University of Waterloo migrated their 900 sites with one Upstream, but if the need suits, many upstreams could be designed.
All 900 sites were broken into Groups, which provided smaller, more easily handled tasks for the migration team, and a schedule to meet expectations of the site owners and maintainers.
Custom Upstreams act as a scaffolding for new sites, allowing developers to roll out sites with the same configuration and theme. Waterloo, using only one custom upstream, pushed out over 950 sites, with modules and configurations enabled on a group by group basis.
Pantheon’s Custom Upstreams were vital in the migration workflow for Waterloo, as shown below. Migration scripts could be tested locally before being committed to the organizational upstream, which in turn served as the parent for all sites.
Using Pantheon’s Terminus and Quicksilver, migrations could be managed with Jenkins, and deployment notifications sent to Slack, Trello, or perform drush commands.
Migrate and Testing
During the migration phase, you will create the migration scripts needed for moving over all your content automatically. This includes content itself, mapping references, migrating redirects, aliases, multilingual content, and so on.
Ensure there is a content freeze, so that the final migration can happen. This final migration involves running all the migration scripts created and also doing the manual migrations for the items that need to be migrated manually (according to the Data Transfer Table created in the Planning stage).
It is recommended, when migrating hundreds of websites, to create one migration module that can be reused in all of the sites. For the Waterloo University, a Migration Toolkit was developed, it is basically a Drupal module that includes all the migration, source, process and destination plugins — to migrate all the content from the Drupal 7 sites into Drupal 9 structures.
The Migration Toolkit also includes a test suite where each of the plugins created are tested. This module is included in the Custom Upstream, so it is distributed to and used in all the 900+ Waterloo websites and can read specific configurations per site.
Testing is performed throughout the migration process, from Unit Testing in creation of the migration scripts, through to the UAT. UI (such as behat) and visual regression testing can also be put in place to help the UAT team in their job.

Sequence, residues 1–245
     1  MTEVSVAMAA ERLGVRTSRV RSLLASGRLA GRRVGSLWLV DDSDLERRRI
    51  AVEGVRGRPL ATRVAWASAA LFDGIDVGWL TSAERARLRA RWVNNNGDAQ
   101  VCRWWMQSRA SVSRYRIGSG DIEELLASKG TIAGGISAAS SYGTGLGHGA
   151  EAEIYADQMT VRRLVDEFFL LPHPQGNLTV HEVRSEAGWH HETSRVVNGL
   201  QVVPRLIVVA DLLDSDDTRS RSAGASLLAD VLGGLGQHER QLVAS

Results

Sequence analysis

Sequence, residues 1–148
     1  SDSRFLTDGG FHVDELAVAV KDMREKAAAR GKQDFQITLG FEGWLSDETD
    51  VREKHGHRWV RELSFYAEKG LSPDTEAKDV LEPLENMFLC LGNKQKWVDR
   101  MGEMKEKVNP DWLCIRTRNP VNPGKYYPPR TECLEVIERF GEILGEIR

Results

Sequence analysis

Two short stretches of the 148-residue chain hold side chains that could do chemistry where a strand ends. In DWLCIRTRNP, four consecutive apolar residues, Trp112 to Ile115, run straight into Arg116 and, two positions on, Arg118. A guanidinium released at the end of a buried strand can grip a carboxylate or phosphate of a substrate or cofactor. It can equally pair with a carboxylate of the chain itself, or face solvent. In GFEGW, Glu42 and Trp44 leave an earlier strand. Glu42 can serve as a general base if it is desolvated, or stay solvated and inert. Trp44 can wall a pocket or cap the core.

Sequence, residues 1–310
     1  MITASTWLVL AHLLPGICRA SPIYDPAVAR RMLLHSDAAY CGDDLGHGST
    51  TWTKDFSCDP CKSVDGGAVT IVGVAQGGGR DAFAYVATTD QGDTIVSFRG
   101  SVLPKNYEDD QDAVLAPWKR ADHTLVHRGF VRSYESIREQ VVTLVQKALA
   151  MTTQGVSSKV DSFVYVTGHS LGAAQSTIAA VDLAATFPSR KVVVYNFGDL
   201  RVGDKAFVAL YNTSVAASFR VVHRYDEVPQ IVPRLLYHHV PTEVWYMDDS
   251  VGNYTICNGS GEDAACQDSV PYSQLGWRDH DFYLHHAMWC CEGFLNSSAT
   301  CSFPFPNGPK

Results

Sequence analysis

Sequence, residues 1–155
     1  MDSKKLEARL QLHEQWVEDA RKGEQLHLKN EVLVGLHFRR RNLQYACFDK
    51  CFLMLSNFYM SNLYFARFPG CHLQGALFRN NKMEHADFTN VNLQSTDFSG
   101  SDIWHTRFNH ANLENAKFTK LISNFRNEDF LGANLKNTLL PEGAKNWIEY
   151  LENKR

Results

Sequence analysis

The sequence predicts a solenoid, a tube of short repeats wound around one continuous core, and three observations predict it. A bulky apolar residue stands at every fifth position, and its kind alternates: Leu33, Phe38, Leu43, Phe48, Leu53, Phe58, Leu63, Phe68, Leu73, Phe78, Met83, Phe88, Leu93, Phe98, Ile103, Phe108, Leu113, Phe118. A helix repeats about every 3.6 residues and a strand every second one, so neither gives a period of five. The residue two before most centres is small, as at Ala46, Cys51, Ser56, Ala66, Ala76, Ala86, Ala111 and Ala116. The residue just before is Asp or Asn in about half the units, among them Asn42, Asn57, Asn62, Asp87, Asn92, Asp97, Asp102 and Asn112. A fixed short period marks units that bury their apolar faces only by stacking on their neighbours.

What is important is that issues are discovered early in the process; the build and migration times are expensive.
Migration and testing together
(Nuts and gum, together at last!)
The migration and testing stages are not isolated islands, they are processes that need to happen together, hand-in-hand, during the whole project. When we get to this stage, we're talking about content migration and when doing the content migration for hundreds of sites, these stages are not sequential — they have to be tightly integrated. It is a cyclical, interactive process where we need to add a lot of emphasis in the testing.
In the case of the Waterloo University, with more than 900 websites, they rolled the migration in chunks of 5 to 15 sites, starting first with a pilot group that would cover 90% of the more complex items to migrate.
Each Group would begin the migration process by the creation of each Drupal 9 site based on the Custom Upstream, followed by an initial test using the Migration Toolkit test suite and the Group’s live data (from Drupal 7). If the test failed, it was sent back to the build kit to update, and thus updating the Upstream.
With a successful migration test, the group would be notified of a content freeze on their production sites, and the migration process would be deployed in the new live site in Pantheon using their most recent data.
This process included both the automated migrations provided by the Migration Toolkit and all those elements that required manual migration. Once the process was done, this would pass through UAT prior to releasing the Group back to its owners and the migrations team moving onto the next Group. With a failure, the Group would be given back ownership of their sites while the Testing and Build Kit was evaluated for fault.
Below is a representation of the migration workflow.
If the UAT passed they would queue up for the next migration. If failed, that group would go back to the build kit.
Timing for the migration was dependent on complexity of the sites in the group. The more complex sites were done towards the beginning of the process, speeding up the migrations downstream. It was not uncommon for the time between group migrations could be days, a week, or the next day.
Real-world example of time and resources required by University of Waterloo
Below is a real-world timeline of both the time and resources required by the University of Waterloo during their migration from Drupal 7 to Drupal 9.
*Please note, at the time of this post being published, their migration is still ongoing.
October 2020: Evolving Web and University of Waterloo begin planning.
January 2021: Evolving Web begin migration toolkit development
April 2021: First version of toolkit released
Summer 2021: Various versions of toolkit released as University of Waterloo begin migrations and front-end development
October 2021: University of Waterloo still migrating
Hopefully the above has stressed the importance of planning, from mapping the fields for the migration process, to estimating the time it will take to actually run the migrations, and test. Some key points of the journey include:
Plan for QA and identify test cases from the Planning Stage, along with who can properly QA those migrations.
Keep your communication lines open and your internal customers informed. They know big changes are coming their way, but keeping them abreast of scheduling changes, workflows, and all, mixed with a touch of empathy for what they will be going through, and you will have a much better experience.
Create one migration module to be used everywhere — to help standardize the process.
Divide the job into small groups, and then set reasonable goals.
Test everything, remember to look for scenarios to test from early stages, create both automated and manual test cases. This will prevent you from stepping over your feet.
You are getting kicked off the Drupal 7 island, it is only a matter of doing so with confidence and grace, or kicking and screaming. Planning, testing, and communication are the keys to this complicated process that, if planned thoroughly, will reward your team with a smooth migration process.
You might also like:
- Top 4 Drupal 9 Benefits That Have Produced a New CMS Design Species
- What you need to know about Drupal 7, 8, and 9 on Pantheon
- How Drupal 9 Meets Evolving Business Needs Like Never Before
Topics: Drupal, Guides and Tutorials